Words by Helen Knott / Lead pic by Rob Hadley – Artist pics courtesy of Moseley Folk
On first glance I wasn’t particularly excited by this year’s Moseley Folk Festival line-up. But how wrong I was.
Admittedly the headliners probably aren’t as captivating as last year (Spiritualised and The Monkees vs. The Proclaimers and The Coral), but scratch a little below the surface and you’ll find a real strength in depth in this year’s festival, which includes some of music’s most intriguing new artists alongside a selection of cherished favourites.
Here are a few of my picks from the Moseley Folk Festival‘s 2016 weekend line up:
Mothers began as the solo project of Georgia-based visual artist Kristine Leschper, who wrote the majority of the songs for debut album When You Walk A Long Distance You Are Tired while finishing art school. Having recruited multi-instrumentalist Matthew Anderegg, guitarist Drew Kirby and bassist Patrick Morales, the band recorded their debut after playing together for just a month.
Leschper lists her influences as solo artists Sufjan Stevens and Joanna Newsom, as well as experimental music, math rock, and noise artists, Lighting Bolt, Hella and Don Caballero. It’s a raw, unconventional, moving album and Mothers will be well worth a look when they take to the stage on Friday.
For more on Mothers, visit www.mothersathens.bandcamp.com
Sam Lee’s first career was as a ‘wilderness survival expert’. I guess folk isn’t a million miles away from the world of survival – both spheres are focused on traditional ways of life. Lee quickly found success in the music world, with his critically acclaimed debut album, Ground of its Own shortlisted for the 2012 Mercury Music Award, establishing him as one of the UK’s foremost folk stars.
Lee is most well-known as a specialist in the inventive reworking of the music of the Romany Gypsy and Irish traveller communities. He’s lauded as a one-off, an innovator. Though, with one of his songs providing the soundtrack to the trailer of the new Guy Ritchie film King Arthur, he could soon be reaching a much more mainstream audience. He will perform at Moseley Folk Festival with his regular band, Sam Lee & Friends.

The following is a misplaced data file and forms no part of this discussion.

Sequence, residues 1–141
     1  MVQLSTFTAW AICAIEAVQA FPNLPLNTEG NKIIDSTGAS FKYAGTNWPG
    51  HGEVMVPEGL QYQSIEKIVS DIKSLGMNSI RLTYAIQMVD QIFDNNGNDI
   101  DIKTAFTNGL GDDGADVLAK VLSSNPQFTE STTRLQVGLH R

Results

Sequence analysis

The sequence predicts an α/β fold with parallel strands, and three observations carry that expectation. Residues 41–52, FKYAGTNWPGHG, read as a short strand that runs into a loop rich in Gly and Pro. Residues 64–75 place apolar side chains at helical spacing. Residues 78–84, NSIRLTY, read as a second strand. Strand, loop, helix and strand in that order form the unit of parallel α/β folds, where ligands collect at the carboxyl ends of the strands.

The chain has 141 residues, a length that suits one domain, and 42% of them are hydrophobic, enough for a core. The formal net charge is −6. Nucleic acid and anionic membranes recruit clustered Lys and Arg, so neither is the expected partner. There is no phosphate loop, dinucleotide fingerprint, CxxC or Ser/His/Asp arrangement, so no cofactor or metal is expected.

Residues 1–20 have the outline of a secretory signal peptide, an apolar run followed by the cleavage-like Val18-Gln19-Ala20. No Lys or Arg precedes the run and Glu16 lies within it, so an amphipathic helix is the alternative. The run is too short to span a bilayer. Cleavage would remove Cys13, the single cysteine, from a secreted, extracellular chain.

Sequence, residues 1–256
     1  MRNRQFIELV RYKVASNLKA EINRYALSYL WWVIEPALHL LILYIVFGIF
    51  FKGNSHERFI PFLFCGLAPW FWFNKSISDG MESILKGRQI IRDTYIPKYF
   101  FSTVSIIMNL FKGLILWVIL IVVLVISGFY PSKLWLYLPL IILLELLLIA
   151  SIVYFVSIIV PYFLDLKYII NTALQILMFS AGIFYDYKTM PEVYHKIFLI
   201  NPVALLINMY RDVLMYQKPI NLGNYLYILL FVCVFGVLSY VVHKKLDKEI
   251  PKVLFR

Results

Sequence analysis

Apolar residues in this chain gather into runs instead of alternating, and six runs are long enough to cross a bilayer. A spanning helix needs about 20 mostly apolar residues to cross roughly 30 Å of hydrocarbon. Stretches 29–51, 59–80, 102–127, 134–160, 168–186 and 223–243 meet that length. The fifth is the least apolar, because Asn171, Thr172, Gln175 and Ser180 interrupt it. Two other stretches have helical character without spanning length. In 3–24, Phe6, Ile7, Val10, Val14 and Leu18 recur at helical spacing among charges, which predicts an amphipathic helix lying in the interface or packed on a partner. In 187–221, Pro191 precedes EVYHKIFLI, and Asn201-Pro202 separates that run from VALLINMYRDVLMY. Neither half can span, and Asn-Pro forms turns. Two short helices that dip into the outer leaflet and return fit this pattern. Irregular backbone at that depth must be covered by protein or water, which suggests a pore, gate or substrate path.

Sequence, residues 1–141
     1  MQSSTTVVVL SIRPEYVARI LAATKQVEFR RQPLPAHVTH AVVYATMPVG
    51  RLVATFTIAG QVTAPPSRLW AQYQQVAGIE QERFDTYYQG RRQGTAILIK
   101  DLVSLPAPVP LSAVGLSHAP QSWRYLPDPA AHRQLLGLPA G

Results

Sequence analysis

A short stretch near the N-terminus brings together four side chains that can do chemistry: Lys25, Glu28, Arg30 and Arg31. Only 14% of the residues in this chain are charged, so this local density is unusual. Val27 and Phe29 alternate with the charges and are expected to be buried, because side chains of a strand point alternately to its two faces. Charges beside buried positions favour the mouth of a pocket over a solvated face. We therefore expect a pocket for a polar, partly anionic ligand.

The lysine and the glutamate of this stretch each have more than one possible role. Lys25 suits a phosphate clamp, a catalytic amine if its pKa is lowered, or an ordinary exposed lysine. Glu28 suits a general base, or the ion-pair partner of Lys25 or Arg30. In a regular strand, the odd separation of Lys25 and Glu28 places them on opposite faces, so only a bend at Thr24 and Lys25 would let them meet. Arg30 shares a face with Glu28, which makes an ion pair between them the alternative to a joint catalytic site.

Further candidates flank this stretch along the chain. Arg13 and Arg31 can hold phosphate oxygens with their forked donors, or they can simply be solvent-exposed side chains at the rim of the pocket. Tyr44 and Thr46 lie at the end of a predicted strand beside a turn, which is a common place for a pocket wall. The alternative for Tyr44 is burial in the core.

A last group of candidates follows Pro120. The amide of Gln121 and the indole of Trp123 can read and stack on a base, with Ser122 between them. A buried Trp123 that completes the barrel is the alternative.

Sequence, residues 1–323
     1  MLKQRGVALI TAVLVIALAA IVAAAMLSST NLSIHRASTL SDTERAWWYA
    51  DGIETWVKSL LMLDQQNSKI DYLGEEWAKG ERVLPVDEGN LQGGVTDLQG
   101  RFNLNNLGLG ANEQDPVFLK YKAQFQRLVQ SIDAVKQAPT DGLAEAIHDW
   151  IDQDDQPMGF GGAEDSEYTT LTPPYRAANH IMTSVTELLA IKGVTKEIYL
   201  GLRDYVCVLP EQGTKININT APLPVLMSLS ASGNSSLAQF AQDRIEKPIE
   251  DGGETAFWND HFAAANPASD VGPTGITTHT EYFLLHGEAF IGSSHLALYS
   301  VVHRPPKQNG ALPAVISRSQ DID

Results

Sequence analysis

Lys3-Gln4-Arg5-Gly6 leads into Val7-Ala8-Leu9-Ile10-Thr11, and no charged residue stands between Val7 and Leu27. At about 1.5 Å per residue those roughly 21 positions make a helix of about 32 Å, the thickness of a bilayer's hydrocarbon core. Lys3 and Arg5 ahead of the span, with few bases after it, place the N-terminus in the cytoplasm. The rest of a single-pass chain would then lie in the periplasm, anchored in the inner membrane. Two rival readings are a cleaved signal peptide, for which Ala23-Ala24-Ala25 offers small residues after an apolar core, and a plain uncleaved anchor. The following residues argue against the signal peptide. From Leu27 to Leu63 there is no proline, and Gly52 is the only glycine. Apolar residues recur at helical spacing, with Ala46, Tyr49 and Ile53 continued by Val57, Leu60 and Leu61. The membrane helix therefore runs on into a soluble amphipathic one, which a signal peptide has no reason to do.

For more on Sam Lee, visit www.samleesong.co.uk
“Since the Brexit result, our political environment has shattered.” – Billy Bragg
It’s been a rocky time for politics in the past few months and who better to guide us through these troubled waters than Billy Bragg, the country’s most well-known political singer. He plays Moseley Folk Festival ahead of the release of latest album Shine a Light: Field Recordings from the Great American Railroad, a collaboration with guitarist Joe Henry that explores a lost American tradition. Expect a rousing Friday night set of folk and protest songs spanning Billy Bragg‘s 30-year career.
For more on Billy Bragg, visit www.shinealight-joehenry.billybragg.co.uk
When Islamic extremists banned music in his hometown in Mali, Garba Touré grabbed his bag and his guitar, headed to the capital and formed Songhoy Blues. The band’s energetic live performances caught the eye of Damon Albarn, with one of their songs being included on a compilation released by his label African Express. Gigs in the UK and a record deal with Transgressive Records quickly followed and their debut album Music in Exile, produced by the Yeah Yeah Yeah’s Nick Zinner, was released in February 2015.
The band has gone from strength to strength ever since, performing in festivals and shows all over Europe, including their very own sold out date at the Roundhouse earlier this year. The name says it all really – traditional West African music mixed with Jimi Hendrix and Beatles style blues, with a little bit of hip hop and R&B thrown in.
For more on Songhoy Blues, visit www.songhoy-blues.com
Benjamin Francis Leftwich
York singer-songwriter Benjamin Francis Leftwich lost the person he describes as his “number one source of inspiration” – his dad – to cancer in the intervening five years between his debut and new album After the Rain. As our interview with Leftwich from earlier this year shows, the impact of the death of his father is felt throughout the new album – due for release on 19 August, on Dirty Hit Records. Read our full interview with Benjamin Francis Leftwich from May this year.
Still, if ‘Tilikum’, its moving first single, is anything to go by, Leftwich has channeled his grief into a melancholic but optimistic piece of work. He will be hoping that the album garners the same success as debut Last Smoke Before the Snowstorm, described by The Fly as “majestic” and selling over 100,000 copies worldwide.
For more on Benjamin Francis Leftwich, visit www.benjaminfrancisleftwich.com
Moseley Folk Festival takes place on 2nd, 3rd & 4th September in Moseley Park. For more on Moseley Folk Festival, including online tickets sakes, visit www.moseleyfolk.co.uk
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